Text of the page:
Name use cases using domain terminology.
Imply timing considerations by stacking use cases.
Place your primary actor(s) in the top-left corner of the diagram.
Draw actors on the outside edges of a use case diagram.
Name actors with singular, domain-relevant nouns.
Associate each actor with one or more use cases.
Name actors to model roles, not job titles.
Use > to indicate system actors.
Don’t allow actors to interact with one another.
Introduce an actor called “time” to initiate scheduled events.
Indicate an association between an actor and a use case if the actor appears within the use case logic.
Avoid arrowheads on actor-use case relationships.
Apply > when a use case may be invoked across several use case steps.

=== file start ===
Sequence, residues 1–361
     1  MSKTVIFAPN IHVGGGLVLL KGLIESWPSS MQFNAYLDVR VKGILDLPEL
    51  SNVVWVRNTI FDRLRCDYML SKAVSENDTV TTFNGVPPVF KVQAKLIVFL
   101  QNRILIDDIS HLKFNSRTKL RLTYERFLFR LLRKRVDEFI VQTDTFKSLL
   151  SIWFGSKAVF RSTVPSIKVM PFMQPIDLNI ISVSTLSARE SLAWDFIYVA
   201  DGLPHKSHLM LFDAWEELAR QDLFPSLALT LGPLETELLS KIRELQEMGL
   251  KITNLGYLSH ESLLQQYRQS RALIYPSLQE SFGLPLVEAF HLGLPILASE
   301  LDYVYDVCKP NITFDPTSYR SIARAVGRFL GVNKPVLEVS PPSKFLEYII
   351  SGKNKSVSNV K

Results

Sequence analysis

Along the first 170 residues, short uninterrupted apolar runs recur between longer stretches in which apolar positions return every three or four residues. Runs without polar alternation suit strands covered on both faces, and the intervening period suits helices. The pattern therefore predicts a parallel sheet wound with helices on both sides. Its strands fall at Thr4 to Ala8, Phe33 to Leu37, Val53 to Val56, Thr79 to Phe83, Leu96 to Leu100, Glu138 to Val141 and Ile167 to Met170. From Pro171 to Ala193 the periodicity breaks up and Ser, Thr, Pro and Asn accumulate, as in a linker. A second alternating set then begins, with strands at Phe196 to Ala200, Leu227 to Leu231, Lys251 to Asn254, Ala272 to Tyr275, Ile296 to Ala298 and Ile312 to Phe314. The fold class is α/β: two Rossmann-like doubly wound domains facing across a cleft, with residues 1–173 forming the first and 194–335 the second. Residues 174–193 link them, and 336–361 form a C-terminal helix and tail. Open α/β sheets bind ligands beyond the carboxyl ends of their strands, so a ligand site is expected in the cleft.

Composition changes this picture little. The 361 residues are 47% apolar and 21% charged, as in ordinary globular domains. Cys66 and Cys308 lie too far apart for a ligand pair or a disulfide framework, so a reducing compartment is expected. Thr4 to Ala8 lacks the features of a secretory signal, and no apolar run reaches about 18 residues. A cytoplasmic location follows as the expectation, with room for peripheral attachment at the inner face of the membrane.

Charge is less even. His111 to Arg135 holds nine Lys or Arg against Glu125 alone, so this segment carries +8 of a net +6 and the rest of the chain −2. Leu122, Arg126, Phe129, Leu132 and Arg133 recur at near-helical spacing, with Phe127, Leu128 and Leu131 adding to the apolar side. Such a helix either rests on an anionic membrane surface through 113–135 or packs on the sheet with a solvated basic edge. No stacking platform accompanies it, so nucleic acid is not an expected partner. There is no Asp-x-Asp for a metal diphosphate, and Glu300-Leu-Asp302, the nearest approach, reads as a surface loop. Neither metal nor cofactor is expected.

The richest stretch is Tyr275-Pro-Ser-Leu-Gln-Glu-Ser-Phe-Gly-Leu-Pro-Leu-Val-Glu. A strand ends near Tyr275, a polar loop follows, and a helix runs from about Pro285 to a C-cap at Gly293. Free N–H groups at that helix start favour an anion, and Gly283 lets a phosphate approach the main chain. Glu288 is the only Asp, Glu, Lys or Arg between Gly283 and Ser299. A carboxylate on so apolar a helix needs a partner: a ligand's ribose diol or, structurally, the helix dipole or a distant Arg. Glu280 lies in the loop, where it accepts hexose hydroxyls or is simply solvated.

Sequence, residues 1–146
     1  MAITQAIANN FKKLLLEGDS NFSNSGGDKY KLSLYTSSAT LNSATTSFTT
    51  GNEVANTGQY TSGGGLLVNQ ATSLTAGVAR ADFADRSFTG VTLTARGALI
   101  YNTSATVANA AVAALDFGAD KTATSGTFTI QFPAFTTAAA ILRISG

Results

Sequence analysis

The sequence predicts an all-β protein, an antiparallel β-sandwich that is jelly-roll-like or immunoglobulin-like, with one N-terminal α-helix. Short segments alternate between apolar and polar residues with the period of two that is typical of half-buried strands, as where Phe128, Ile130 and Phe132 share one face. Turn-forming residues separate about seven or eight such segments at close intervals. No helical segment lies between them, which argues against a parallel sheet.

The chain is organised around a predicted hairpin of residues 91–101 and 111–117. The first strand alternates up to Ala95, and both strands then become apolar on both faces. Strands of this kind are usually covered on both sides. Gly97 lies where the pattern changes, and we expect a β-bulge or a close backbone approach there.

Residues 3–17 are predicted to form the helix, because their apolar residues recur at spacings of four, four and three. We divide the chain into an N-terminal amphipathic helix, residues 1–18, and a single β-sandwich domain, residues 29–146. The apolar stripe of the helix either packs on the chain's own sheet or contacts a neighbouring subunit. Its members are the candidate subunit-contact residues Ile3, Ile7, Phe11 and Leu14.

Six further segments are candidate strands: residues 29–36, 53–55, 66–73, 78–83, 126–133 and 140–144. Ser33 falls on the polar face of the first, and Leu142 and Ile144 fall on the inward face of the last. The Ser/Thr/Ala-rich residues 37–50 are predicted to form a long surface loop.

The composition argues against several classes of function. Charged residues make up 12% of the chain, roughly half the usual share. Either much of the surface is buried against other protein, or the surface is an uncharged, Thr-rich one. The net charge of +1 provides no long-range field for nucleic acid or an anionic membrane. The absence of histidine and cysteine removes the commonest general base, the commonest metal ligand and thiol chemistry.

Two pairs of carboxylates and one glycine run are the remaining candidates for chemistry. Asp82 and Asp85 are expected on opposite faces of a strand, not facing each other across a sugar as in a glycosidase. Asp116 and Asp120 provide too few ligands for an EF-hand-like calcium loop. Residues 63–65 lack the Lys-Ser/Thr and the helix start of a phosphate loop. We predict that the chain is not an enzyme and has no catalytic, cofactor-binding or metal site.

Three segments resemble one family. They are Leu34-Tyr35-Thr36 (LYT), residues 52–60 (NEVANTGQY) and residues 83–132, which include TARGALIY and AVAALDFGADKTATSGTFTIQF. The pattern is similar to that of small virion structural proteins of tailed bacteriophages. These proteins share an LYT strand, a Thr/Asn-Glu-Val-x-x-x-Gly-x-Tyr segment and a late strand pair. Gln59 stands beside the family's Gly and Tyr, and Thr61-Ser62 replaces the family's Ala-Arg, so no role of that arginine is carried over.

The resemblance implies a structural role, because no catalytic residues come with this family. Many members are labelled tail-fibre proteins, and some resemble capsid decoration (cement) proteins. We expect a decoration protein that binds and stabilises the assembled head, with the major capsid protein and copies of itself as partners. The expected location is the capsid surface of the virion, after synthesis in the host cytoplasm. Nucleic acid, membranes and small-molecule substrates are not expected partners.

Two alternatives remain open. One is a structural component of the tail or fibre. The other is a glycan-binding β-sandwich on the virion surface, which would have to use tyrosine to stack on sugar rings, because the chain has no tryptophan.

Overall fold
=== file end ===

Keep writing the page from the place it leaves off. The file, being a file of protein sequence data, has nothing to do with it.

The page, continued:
Apply > associations sparingly.
Generalize use cases when a single condition results in significantly new business logic.
Do not apply >, >, or >.
Avoid more than two levels of use case associations.
Place an included use case to the right of the invoking use case.
Place an extending use case below the parent use case.
Apply the “is like” rule to use case generalization.
Place an inheriting use case below the base use case.
Apply the “is like” rule to actor inheritance.
Place an inheriting actor below the parent actor.
Indicate release scope with a system boundary box.
Avoid meaningless system boundary boxes.